Later she transferred to the Forest Service, and lastly, the IRS, finishing her career of over 35 years. Lynn’s Dad, Joyce, worked on the Railroad in addition to farming, just as his father George had done. He was a car inspector and made sure the brakes were good and that there were no flat spots on the wheels or air leaks in the cars. He had employment with the railroad before he went into the army at Fort Douglas. After his time in England with the 8th Air Force, he went back with the Railroad and worked until 1985. He always had extra jobs using his big Ford farm truck. He hauled tomatoes, onions, potatoes, and sugar beets for his brother in law, Junior Taylor, in Plain City. After the sugar beet season was over, the Humphreys would head to Nevada for Christmas trees to bring back to Ogden to sell. The truck was always busy. Before winter set in, Joyce, David, and Lynn would go to Price, Utah, and pick up a load of coal to help keep some of the residences in this area warm throughout the winter. Lynn’s grandpa, George Humphreys, was a farmer at heart, even though he worked for the Railroad as his full-time job. He kept cows, chickens, and sheep. From time to time, the motherly instincts of some of the ewes wouldn’t kick in, and Lynn would play mom to a baby lamb. He was given a sack of old, hardened powdered milk, which had to be crushed to mix with warm water for his lamb. Using an old beer bottle, he would pour in the mix and pull a rubber nipple on it. He fed those baby lambs every two hours through the night to keep them alive.
He always felt heartbroken over any lambs who died. He and Dave would have funerals and bury them. One time, his feeding routine on a newborn ram worked. The more he fed him, the more the newborn wanted, and he kept gaining weight. It was a pleasure to feed him. He became Lynn’s pet. This little ram followed him all over the place. If he was working on a hot rod, that little lamb would lay on the grass under a tree and rest. Lynn named him Cody. He got big enough that Grandpa Humphreys bought him back and added him to the herd. It was a great experience to see animals grow, gain strength, and make it. His grandpa George always did a great job of taking care of the animals. He made sure the animals were fed before he would eat. Grandma Humphreys, (they called her Meme), would make breakfast while he was outside taking care of the animals. Then he would come in to eat. Pleasant View was a place where everyone knew each other. Lots of the folks were related. Between the Craguns, Rheeses, Mowers, Humphreys, Joneses, Jensens, Budges, Ferrins, etc., there were many family ties. Lynn grew up hearing stories of these families. When Lynn’s great grandfather, Edwin Humphreys, came as an 18-year-old young man with the Willie hand cart pioneers, he settled and made his home and family in Pleasant View. For years, Pleasant View was almost totally an agricultural community. Everybody had a little farm or orchard. Most farms raised peaches, cherries, apricots, beef and dairy cattle, and had a vegetable garden. Young people found jobs picking fruit for the local farmers. The dairy farmers would milk cows and leave out a can or two of milk for the milk truck that would come by every morning. Lynn’s brother Dave worked for Earl Rhees at 25 cents an hour! He milked Earl’s cows for many years. Many of these farmers had day jobs as well, some in the education field, driving busses, teaching, or helping with school lunches. For fun, Lynn, his brother Dave, and their buddies Lynn Maycock, Richard Isaacson, and Denny Cragun liked to build hot rods. They would drag their hot rods to the top of 1100 W, 900 W, or 500 W, and ride down those long steep hills. Back then, there wasn’t much traffic. Lynn was always looking for wheels. A matching set was the greatest thing. The boys didn’t have any money, so they searched in the junk yards. With spare parts, they added steering to their wheeled carts. Lynn even developed brakes on one. He had a lot of fun building hot rods. One day, he and Denny Cragun were on 900 W, dragging their newest hot rod up the hill. Denny Walton, a PV boy, drove up in his Plymouth. He asked if they wanted a pull up the hill. They thought that was a great plan and tied their twine (that came off hay bales) to the bumper. They expected him to pull them at a civilized speed of 10 miles an hour to the top, but this was not the case. He went ripping up the road like he was being shot at. Dennis Cragun was on the hot rod with Lynn, which was a converted baby buggy. They had taken the top part of the buggy off leaving the chassis and wheels. The exhaust from the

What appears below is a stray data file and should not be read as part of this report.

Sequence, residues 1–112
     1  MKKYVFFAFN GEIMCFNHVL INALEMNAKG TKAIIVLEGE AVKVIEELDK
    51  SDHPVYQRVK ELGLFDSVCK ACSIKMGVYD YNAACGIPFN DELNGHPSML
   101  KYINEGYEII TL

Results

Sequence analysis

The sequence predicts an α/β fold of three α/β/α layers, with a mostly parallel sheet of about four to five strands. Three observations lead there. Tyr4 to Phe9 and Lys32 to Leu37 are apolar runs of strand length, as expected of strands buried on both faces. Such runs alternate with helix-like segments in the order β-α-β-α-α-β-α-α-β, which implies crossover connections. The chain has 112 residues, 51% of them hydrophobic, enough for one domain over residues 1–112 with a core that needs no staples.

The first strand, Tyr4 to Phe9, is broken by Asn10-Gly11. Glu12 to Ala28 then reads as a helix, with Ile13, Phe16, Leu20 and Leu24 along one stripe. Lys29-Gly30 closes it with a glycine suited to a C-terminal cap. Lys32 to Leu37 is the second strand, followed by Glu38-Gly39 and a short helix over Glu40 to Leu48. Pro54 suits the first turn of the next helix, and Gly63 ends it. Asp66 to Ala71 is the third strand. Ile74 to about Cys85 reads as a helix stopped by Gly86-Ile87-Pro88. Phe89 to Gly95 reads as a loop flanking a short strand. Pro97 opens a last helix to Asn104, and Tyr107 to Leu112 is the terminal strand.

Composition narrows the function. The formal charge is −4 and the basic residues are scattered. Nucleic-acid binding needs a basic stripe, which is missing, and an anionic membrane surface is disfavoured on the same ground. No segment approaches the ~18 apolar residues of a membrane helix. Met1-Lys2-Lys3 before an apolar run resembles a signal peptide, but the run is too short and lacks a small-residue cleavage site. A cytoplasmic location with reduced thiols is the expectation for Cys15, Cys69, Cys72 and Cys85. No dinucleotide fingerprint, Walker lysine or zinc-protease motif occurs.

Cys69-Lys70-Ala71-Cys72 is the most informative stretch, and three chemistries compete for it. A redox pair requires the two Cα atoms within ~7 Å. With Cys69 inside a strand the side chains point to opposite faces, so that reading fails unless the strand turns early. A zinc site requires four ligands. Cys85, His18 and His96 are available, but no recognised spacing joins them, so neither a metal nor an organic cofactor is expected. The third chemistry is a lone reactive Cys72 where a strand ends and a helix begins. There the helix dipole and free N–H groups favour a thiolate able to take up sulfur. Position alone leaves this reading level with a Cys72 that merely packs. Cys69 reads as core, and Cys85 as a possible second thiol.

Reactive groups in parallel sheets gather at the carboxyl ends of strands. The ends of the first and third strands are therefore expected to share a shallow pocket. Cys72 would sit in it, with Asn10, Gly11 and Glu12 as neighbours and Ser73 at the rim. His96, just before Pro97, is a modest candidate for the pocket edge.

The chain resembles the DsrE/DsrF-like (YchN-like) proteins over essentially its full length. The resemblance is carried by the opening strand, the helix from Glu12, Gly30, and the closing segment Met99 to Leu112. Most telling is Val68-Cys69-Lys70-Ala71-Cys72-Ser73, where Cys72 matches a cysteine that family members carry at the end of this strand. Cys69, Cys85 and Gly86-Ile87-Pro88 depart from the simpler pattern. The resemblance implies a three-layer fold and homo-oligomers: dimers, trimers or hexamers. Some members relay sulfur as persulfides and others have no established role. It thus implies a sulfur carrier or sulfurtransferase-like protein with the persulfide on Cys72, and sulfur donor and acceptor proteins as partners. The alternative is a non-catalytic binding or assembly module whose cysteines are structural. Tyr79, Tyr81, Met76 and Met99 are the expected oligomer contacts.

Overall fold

Left: Lynn, Feb. 3, 1952 Right: Lynn and David, 1952
Plymouth was right in their faces as they were flying up the hill. Denny Cragun said, “I’m getting off, it’s too fast for me.” So, he baled. He was wearing brand-new Levi’s with a nice cuff that his mom had fixed. When Denny jumped off, the buggy caught his cuff and dragged him long enough to shred those new Levi’s. His mom, Janice, was pretty upset. Lynn stayed in the buggy and was delivered safe and sound at the top of the hill. What a ride! Such was the life for some of the boys in the good old days in Pleasant View.
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Febraury 2020 | Pleasant View Connection 9
February Calendar of Events SCHOOL EVENTS